5G networks slowly being built out


Verizon rolled out 5G network service to four cities in October 2018, which I noted last March when I wrote, “Given that 5G is far from ubiquitous, it will be a few years before everyone everywhere is hurtling down the cyberspace fast lane.”

Still true! That being said, definite progress has been made in rolling out 5G to populated areas. Verizon in late September began offering 5G in parts of New York City, Panama City, and Boise, “bringing the total number of Verizon 5G Ultra Wideband mobility service cities to 13.” The telecommunications giant said its goal is to offer 5G access in more than 30 cities by the end of 2019.

Verizon isn’t the only carrier rolling out 5G networks. As Sascha Segan notes on PCmag.com, AT&T, Sprint, and T-Mobile also are offering 5G in select cities across the U.S. On a map Segan includes with his article, I counted 32 locations where at least one of the four carriers are providing 5G. In ten locations, 5G is available from at least two carriers; residents of New York and Atlanta are getting 5G service from all four carriers.

Alas, progress comes in fits and starts. Segan writes:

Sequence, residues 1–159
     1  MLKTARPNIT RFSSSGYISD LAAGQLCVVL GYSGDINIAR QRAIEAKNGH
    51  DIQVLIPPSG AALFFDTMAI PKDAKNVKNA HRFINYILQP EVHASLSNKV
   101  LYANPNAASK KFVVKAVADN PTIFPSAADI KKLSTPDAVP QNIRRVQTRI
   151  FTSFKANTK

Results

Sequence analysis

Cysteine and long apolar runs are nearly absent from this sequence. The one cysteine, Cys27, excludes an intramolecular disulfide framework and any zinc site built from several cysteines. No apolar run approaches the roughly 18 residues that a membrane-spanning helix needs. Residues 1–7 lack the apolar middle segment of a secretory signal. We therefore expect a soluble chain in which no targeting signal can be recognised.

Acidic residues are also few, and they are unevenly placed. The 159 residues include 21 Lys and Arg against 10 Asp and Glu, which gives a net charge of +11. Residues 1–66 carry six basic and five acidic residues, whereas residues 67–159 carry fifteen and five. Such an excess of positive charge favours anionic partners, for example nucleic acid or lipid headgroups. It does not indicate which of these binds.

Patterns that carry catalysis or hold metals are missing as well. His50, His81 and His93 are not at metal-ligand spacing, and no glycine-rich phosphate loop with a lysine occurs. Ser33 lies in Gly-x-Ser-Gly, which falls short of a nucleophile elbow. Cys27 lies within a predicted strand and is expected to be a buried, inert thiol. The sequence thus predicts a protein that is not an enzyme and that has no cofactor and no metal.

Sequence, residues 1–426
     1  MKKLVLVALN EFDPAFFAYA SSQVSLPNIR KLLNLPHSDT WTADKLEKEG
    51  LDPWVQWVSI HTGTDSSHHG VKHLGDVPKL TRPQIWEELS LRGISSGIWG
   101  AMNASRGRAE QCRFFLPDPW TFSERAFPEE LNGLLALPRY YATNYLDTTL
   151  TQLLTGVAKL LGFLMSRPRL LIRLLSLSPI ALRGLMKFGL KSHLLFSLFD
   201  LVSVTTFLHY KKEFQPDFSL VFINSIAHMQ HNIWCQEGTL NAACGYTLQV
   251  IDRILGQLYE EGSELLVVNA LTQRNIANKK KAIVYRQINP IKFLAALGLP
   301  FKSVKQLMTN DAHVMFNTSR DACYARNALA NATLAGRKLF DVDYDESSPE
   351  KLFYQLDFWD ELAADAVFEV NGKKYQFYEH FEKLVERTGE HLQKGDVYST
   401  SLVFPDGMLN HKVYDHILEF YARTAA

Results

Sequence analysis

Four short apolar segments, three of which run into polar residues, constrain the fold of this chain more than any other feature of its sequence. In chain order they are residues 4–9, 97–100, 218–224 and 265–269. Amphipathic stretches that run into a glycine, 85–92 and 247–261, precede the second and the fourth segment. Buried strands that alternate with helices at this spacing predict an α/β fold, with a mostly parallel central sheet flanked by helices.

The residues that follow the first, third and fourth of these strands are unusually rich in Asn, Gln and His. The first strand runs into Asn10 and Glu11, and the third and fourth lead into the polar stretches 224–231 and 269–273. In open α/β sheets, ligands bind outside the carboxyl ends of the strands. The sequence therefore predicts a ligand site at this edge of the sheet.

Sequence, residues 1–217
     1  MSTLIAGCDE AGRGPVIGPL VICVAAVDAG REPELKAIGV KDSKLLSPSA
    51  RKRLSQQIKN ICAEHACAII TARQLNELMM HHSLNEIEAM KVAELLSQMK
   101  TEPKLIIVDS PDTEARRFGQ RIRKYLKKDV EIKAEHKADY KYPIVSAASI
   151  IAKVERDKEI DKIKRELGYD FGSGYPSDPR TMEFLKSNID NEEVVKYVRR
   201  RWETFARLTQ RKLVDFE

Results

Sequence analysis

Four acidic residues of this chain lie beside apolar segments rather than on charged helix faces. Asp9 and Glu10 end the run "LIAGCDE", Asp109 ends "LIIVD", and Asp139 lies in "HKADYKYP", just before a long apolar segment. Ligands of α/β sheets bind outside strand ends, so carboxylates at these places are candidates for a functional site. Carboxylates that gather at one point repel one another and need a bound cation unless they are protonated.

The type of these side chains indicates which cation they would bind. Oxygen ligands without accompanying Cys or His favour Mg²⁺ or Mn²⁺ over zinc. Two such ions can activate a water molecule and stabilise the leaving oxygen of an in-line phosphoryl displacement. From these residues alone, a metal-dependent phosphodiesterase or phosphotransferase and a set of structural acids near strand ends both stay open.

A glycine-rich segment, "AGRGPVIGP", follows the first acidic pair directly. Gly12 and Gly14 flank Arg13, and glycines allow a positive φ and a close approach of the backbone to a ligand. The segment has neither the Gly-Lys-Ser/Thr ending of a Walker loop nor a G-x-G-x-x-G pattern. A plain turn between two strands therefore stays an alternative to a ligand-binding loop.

Aside from Verizon, all’s been quiet in terms of 5G launches from the other three carriers. AT&T continues not to offer its service to consumers, focusing on businesses and developers. T-Mobile is stuck with the six cities it launched in June. Sprint is up to nine, and has the best in-city coverage of any of the carriers thanks to its use of mid-band spectrum, but the mystery over the Sprint/T-Mobile merger continues to cloud the future there.

Bottom line: 5G is coming — slowly, but it’s coming. And whenever 5G does become ubiquitous, enterprises need to be ready because 5G will enable exponentially faster data transmission speeds (which are absolutely essential to handle traffic from connected devices and multimedia files), higher device capacity, and increased productivity. In addition, 5G networks will enable organizations to collect and analyze data in real-time or near real-time. Or they could just let their competitors enjoy these benefits.

Enterprise decision-makers should stay in contact with their carriers and device makers about their 5G plans. They also should assess their existing wired infrastructure to determine its readiness for 5G and conduct a cost analysis to determine the impact 5G might have on the organization’s mobile network. Don’t let the slow rollout of 5G cause you to fall asleep at the wheel.

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